Transgender Veterans Hope Trump Policy Won’t Erase Progress At VA
Thursday, August 24, 2017
Photo by Nicholas McVicker
The future of transgender troops has been in question since President Trump tweeted that they would no longer be allowed to serve.
Transgender veterans are wondering how the president’s pronouncement will impact the ongoing effort to open the Veterans Health Administration to their needs.
Navy veteran Kristen Dancer served as a corpsman in Fallujah in 2006. With the help of VA doctors, Dancer transitioned to being a woman in 2016. She gets her medical care at the VA hospital in La Jolla. The VA does not offer transition surgery, but it does provide services like hormone therapy, counseling and speech pathology.
“They help feminize our voice to help put us in a better tone and a better range,” Dancer said.
Like other veterans who made their transitions after they served, Dancer feared President Trump’s threat to ban transgender service members will turn back the clock at the VA.
“I don’t know if that means that, based on his tweets, whether we’re all going to be kicked to the curb and we have no place in the VA and any type of military services,” Dancer said.
The White House decision to ban transgender troops goes counter to the approach by the Veterans Health Administration, which has become increasingly welcoming.
Transgender veterans have always been allowed to use VA services, but the system has become increasingly responsive to their needs. In 2012, the VA created its LGBT Health Program. A 13-page national directive outlines how transgender vets should be treated. The VA requires each hospital system in the country to have an LGBT coordinator.
“Certainly, coming out now to a provider, we encourage that. It’s more like 'do ask, do tell,'” said Jeri Muse, LGBT coordinator in San Diego.
The Clinton-era policy of “don’t ask, don’t tell” did not apply to people who are transgender. Gay and lesbian troops were allowed to serve openly in 2011. It wasn’t until June 30, 2016 that Secretary of Defense Ash Carter announced that transgender service members could serve openly.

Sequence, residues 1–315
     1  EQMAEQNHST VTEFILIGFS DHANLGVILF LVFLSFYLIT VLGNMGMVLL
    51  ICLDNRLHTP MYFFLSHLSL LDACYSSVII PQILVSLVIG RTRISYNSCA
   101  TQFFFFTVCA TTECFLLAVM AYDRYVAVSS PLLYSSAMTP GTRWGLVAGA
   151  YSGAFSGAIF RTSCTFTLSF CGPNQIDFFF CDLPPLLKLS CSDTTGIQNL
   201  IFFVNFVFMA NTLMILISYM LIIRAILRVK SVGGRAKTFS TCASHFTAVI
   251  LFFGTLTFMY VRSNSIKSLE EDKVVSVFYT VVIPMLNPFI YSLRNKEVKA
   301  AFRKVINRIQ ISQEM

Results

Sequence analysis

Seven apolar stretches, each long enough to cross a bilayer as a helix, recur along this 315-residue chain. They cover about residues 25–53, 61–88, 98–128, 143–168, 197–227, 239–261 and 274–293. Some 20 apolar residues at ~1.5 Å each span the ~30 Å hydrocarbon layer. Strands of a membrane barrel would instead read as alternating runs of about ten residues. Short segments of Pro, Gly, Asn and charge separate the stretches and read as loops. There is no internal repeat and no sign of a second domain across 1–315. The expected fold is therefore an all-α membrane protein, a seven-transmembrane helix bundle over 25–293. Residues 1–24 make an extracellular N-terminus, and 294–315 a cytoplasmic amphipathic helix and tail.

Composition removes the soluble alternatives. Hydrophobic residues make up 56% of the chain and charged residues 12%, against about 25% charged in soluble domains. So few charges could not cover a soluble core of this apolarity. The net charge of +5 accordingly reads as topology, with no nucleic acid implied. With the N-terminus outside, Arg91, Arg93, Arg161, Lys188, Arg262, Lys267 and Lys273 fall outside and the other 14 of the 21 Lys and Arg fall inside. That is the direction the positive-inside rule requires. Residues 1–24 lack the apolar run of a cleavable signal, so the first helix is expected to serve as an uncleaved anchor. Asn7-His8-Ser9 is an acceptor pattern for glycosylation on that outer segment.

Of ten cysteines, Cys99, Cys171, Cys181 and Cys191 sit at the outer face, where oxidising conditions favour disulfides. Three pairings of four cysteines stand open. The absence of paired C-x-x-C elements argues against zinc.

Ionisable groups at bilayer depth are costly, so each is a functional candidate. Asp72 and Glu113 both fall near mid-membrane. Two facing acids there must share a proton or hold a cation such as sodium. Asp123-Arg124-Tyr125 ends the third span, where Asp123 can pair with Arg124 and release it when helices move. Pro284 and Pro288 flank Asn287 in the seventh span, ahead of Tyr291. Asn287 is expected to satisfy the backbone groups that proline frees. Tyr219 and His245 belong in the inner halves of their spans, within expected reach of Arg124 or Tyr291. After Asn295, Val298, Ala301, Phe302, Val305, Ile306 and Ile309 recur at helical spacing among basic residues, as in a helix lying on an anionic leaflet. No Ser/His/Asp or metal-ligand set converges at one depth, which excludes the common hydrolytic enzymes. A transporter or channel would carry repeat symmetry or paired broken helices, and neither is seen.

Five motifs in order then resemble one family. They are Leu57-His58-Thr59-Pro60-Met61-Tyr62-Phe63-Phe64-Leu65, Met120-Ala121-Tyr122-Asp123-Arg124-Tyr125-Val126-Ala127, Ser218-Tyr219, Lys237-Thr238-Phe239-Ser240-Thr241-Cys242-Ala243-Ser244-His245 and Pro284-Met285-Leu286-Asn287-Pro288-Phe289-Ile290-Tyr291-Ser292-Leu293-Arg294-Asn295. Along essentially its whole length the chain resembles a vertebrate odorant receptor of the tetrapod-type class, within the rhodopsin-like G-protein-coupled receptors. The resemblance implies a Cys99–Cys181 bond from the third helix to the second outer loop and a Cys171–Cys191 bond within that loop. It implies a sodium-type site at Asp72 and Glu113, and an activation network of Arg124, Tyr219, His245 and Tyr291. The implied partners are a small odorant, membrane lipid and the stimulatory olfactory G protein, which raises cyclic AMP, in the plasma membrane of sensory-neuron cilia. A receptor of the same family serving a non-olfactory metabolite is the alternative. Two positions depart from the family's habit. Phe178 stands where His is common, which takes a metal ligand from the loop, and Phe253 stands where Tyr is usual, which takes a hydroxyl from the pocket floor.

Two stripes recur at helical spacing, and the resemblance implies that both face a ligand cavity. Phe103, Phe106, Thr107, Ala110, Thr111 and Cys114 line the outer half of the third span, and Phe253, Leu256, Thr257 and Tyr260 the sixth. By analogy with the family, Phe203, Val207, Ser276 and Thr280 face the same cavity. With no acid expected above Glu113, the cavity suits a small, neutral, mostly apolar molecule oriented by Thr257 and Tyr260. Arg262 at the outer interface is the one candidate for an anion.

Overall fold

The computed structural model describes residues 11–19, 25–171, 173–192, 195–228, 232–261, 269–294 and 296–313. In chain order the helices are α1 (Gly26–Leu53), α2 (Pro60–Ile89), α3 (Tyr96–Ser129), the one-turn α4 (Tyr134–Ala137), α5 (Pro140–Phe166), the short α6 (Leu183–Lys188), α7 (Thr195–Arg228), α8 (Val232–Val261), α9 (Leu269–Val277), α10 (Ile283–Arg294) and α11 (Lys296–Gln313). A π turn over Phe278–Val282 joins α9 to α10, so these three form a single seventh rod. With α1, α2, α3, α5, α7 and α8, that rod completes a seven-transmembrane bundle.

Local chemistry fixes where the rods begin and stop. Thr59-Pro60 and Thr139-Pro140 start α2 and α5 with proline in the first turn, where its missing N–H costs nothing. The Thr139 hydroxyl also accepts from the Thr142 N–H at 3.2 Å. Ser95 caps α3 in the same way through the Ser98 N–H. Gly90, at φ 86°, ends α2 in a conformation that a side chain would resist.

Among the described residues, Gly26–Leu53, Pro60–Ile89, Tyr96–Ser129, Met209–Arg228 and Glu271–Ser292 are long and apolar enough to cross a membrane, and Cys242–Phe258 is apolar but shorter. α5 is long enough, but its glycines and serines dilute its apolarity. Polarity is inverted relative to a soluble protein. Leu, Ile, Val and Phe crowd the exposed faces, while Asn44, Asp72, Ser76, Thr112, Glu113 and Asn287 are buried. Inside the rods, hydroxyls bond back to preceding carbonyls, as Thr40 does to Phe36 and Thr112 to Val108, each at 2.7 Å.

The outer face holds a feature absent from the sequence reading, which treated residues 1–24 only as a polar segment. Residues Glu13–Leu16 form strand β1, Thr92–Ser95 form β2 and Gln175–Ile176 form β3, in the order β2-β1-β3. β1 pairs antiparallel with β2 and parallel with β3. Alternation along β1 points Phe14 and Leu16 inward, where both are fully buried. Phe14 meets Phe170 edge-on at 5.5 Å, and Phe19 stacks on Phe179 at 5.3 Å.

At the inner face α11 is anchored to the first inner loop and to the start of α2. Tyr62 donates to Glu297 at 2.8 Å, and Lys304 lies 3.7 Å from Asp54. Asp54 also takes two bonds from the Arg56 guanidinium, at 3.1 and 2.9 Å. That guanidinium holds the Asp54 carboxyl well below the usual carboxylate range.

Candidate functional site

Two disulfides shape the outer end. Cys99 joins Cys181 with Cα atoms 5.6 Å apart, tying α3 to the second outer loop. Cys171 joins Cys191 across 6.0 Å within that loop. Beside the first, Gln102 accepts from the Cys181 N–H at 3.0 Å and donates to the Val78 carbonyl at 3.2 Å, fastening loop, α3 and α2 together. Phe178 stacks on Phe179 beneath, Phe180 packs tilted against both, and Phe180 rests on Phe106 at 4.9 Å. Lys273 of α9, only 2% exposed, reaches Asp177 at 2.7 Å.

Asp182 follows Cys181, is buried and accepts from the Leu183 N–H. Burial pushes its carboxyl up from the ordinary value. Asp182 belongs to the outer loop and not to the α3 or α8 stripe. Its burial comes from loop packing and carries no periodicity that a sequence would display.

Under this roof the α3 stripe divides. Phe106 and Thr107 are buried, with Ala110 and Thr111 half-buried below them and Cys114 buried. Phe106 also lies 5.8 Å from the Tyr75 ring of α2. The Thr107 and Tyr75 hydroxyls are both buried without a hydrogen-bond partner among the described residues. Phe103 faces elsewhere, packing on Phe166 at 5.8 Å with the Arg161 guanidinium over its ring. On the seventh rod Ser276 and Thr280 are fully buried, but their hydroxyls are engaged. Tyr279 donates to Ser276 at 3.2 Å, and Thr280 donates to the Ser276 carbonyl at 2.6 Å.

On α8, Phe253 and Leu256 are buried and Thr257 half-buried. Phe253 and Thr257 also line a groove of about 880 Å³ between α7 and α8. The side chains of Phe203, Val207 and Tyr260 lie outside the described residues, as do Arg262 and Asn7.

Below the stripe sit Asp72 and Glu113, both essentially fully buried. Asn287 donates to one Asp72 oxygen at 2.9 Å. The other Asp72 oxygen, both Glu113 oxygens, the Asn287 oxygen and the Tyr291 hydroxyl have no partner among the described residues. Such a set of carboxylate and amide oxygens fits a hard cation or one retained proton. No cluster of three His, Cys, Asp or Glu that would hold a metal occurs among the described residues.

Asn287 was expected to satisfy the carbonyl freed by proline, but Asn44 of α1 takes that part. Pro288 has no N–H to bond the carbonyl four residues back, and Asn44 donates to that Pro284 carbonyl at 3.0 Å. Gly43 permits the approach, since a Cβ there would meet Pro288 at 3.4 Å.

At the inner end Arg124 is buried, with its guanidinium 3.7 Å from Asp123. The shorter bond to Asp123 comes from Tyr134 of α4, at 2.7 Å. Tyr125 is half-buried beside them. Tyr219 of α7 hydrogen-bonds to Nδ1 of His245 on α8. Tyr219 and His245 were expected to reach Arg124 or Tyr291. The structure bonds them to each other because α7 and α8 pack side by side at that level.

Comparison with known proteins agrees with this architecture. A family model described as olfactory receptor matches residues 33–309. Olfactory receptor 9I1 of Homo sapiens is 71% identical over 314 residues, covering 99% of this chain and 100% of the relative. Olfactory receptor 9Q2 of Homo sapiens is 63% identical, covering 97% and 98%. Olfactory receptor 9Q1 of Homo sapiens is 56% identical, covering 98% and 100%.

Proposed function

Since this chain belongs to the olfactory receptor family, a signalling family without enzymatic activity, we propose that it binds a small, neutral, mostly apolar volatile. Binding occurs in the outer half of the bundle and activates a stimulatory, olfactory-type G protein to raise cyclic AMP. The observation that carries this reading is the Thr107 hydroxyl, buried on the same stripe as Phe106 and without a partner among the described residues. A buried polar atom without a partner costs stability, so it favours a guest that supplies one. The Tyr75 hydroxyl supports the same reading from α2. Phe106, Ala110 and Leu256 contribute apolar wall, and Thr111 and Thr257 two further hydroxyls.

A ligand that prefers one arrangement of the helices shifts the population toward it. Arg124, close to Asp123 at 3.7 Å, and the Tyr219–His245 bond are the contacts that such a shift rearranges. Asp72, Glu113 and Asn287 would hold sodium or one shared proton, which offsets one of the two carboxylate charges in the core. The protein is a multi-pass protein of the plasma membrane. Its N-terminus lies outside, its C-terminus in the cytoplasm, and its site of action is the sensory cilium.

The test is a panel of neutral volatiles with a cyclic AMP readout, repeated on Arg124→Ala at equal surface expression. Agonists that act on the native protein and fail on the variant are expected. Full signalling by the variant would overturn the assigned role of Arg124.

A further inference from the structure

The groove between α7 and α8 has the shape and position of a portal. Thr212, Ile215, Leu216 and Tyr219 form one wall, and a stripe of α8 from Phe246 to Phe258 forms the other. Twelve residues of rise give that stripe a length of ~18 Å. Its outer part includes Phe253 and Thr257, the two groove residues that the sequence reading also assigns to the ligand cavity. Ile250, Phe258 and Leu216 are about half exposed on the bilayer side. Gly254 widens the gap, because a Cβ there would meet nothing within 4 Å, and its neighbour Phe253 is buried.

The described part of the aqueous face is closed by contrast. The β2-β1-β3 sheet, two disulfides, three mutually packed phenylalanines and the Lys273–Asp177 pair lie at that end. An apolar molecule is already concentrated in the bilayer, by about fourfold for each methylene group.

Clinicians are now encouraged to asked about a patient’s birth sex. The VA in San Diego has gone a step further and has begun offering to certify clinicians in LGBT medicine.
“You have to remember that a transgender woman may still need a prostate exam and a transgender man may need breast screenings and gynecological exams,” Muse said.
The Pentagon was in the middle of coming up with a long-term policy for transgender service members, when Trump tweeted in July: “The United States government will not accept or allow transgender individuals to serve in any capacity.”
The military has not changed anything since the tweets. Media reports have said the White House is close to issuing guidance to the Pentagon. Both the military and the VA have said nothing without specific direction from White House.
The Transgender American Veterans Association is concerned. Board member Zander Keig said he wonders whether a large number of troops will be discharged immediately if the president’s tweet becomes official policy.
“It could be that hundreds of people find themselves administratively separated from the military and they’re just thrust into this new civilian life,” he said.
Whatever happens at the active duty level could create a sudden influx of new patients at the VA, which could impact care throughout the system, because transgender vets mostly require the same services as other patients.
A report commissioned by the Pentagon estimates there are 15,500 transgender troops on activity duty and another 134,000 veterans. Defense secretary James Mattis questions the figures for troops on active duty. No one has an exact count of how many transgender people have been in the U.S. military. Most hid that part of themselves while they served.
Veronica Zerrer initially joined the service in 1976. As a retired officer, she was asked to return to duty during the Iraq War. She wanted to serve, but by that time she had transitioned to being a woman.
“I couldn’t, because that was still in the era of 'don’t ask don’t tell,'” Zerrer said. “Let alone addressing any transgender concerns. I could have easily lost my military retirement.”
There was a time when LGBT troops could be given less-than-honorable discharges, making them ineligible for most VA benefits. With so many unanswered questions, Zerrer and other transgender veterans worry they may face the kind of dilemma, which they thought a thing of the past.
This story is part of our American Homefront Project, a public media collaboration on in-depth military coverage with funding from the Corporation for Public Broadcasting and the Bob Woodruff Foundation.
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